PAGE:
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Blogging in the Classroom

man typing at keyboard
photo by yusunkwon, CC license

An interesting article from Ars Technica brings up the idea of using microblogging as a part of classes. Though I havn’t tried it, Twitter seems to be a useless application. Why would I want to talk about what I am doing in 140 characters? And why would people care? Yet, as I think more deeply about its possibilities I begin to see some possible uses. Dorothea Salo has said she has seen reference questions passed around and answered fairly quickly on Twitter networks. Twitter also seems very similar to Facebook’s “status” feature. This can be useful to see what people are up to, how they are feeling, and the like. It can be a very useful social tool for communicating your feelings or exploits or knowing others. It is much easier to read than mannerisms or body language.

It was fascinating to see that students Twittering away outside of class were able to bond better as a community in class. I think this is similar to discussion boards on courseware but much quicker and sexier. I have actually used blogs in multiple class settings and thought it was somewhat useful. You could subscribe to your classmates blog and read their posts on the reading or different questions that came up. The only problem with this is length. Students already have enough reading as it is. Reading 10-20 or more blog posts is just asking too much. The outside of classroom discussion is very useful but is difficult to do in addition to all the other class work. A solution could be limiting blog posts to one short or medium length paragraph and then have longer discussions in the comments. Another good possibility is something like Twitter. With only a few characters to get your message across, the Twitter posts would not be a chore to read or write.

I guess I am starting to see the utility of something like Twitter after all. Maybe I’ll try it out. Are there any other Twitter uses that I have left out? Is microblogging an effective tool for classroom communication?

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Learning on the Web

I really am amazed with the web. Learning is just so different now. Instead of having to pay for journal subscriptions, professors are now putting their articles up for the public to view. In addition, institutions are also putting up video recorded lectures of classes. What I take advantage of though, are the wealth of online tutorials, especially for computer skills. I am not a graphic design guy, but in trying to come up with a marketing logo I was able to make a really cool looking Web 2.0 button.Ask Button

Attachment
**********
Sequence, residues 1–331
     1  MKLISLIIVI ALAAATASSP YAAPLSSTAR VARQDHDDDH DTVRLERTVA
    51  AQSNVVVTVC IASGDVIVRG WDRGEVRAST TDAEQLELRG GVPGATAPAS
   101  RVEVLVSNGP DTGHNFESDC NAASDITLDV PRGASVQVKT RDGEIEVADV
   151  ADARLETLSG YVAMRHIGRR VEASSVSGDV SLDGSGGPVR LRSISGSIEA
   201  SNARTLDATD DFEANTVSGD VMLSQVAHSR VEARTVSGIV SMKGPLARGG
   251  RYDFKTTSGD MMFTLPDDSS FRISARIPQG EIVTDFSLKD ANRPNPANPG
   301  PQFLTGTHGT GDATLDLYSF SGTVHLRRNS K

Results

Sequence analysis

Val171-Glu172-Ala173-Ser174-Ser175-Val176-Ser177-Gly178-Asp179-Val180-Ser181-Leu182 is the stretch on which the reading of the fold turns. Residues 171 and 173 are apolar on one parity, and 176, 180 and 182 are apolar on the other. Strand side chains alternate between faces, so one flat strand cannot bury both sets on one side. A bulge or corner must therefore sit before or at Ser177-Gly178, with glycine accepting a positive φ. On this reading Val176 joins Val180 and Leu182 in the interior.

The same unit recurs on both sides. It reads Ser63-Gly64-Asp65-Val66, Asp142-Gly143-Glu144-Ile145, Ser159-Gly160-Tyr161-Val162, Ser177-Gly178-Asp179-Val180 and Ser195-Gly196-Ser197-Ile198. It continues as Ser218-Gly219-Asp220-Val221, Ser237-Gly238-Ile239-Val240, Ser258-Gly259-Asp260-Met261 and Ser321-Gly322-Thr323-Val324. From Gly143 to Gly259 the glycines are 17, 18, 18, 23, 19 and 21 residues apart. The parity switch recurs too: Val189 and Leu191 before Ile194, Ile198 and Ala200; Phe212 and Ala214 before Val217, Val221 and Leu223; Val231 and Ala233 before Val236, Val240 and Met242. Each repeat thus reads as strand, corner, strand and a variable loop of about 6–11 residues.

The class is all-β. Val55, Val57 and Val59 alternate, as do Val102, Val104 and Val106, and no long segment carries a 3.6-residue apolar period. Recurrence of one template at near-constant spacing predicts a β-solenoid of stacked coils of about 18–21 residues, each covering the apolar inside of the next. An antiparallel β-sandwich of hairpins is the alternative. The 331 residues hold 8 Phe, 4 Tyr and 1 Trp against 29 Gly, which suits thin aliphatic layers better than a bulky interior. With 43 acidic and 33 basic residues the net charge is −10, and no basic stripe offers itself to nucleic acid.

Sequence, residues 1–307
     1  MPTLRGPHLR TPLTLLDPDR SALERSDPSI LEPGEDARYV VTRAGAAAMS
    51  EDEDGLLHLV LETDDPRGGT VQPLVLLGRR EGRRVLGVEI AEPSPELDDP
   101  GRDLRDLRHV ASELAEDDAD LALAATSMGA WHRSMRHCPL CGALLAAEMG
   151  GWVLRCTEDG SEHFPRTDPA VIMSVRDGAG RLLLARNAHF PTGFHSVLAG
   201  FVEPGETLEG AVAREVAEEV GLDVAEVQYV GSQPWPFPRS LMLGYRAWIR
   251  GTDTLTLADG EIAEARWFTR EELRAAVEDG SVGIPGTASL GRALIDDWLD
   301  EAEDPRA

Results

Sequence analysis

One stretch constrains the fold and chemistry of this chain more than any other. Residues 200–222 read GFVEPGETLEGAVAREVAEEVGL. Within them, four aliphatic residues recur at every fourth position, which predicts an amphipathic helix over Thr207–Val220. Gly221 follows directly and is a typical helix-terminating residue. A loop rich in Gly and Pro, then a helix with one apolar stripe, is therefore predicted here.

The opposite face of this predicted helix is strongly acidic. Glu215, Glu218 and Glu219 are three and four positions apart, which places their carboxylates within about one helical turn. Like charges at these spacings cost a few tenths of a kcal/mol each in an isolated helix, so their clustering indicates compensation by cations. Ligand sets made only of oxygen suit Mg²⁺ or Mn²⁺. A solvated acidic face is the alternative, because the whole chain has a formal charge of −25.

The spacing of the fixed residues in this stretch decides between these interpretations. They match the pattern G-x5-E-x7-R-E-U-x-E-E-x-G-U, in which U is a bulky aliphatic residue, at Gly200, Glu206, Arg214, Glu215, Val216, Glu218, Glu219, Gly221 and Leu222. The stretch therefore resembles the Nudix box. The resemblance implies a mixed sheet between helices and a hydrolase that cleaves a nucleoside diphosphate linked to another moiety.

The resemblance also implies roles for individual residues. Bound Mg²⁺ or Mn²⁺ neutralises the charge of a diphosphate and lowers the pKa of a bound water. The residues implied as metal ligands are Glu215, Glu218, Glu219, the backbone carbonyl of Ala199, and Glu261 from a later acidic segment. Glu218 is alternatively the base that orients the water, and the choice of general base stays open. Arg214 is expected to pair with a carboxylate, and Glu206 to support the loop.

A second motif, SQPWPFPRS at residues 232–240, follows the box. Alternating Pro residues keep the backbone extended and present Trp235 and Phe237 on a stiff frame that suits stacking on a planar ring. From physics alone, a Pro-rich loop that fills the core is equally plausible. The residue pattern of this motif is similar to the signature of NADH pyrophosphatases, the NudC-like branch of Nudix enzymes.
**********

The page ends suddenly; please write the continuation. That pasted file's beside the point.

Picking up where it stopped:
If you want to learn a new skill, the web could be an invaluable tool. I found the tutorial for this button at Free Adobe Photoshop Tutorials. But you can learn lots of other DIY stuff as well. The web as learning tool…I really like that.

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Second Life

I just tried Second Life, the “3-D virtual world entirely created by its Residents,” for the first time last week. It was surprisingly fun and actually a lot more multi-purpose than I realized. I already have too much going on in my first life to need a second one, but I can see how Second Life could be a good supplement to your real life.

I was a bit wary at first about going on at first. I thought I may be chastised as a n00b or hit on by some guy with a mustache, but surprisingly none of that happened. All the people that I interacted with were very pleasant or at least not unpleasant. I first spent some time on Orientation Island figuring out how to move, change my appearance, communicate and even fly. It was pretty simple to learn and I quickly went through all the tutorials. The first place I went after I graduated from orientation was Info Island, a library based space, which I had heard about through various articles. There are actually many library based places in Second Life.

The place wasn’t terribly fun and I am not quite sure who would go there except librarians, but it was a nice place to get started exploring. I talked to a few people and learned about civil rights through one of the exhibits that was there. There wasn’t too much action though so I decided to teleport and find some.

I decided that I would check out some music, and there were a number of live shows going on at that time.  I first attended a DJ contest where they had multiple DJs spinning tracks.  I got my avatar to dance around like a goon like everyone else was doing.  It amused me for a few minutes.  I got bored though and that music wasn’t really my scene so I tried something else.  I went to a concert by Frenchman named Cyril Effingham.  It was all live vocals and piano.  He did a pretty solid cover of Imagine by John Lennon.  And it was actually a lot of fun listening to him.

What I really enjoyed about Second Life is that you can do things that you otherwise would not be able to do.  I can go to a French concert and do not have to be anywhere near France.  It makes me wonder about all the other things that I could do.  I also really liked that I could fly.  If I got bored or nervous about some place I could just zoom away.  It is also really cool that Second Life has the ability to help those who have social interaction problems.  People who are agoraphobes who are petrified by the outside world are learning social skills and getting out of the house.  I probably will not be building a house there, but I can see that Second Life has a number of beneficial qualities.  And if I feel the need to listen to some Russian techno, attend a class on some interesting topic, or just fly around for a while, I may just stop back.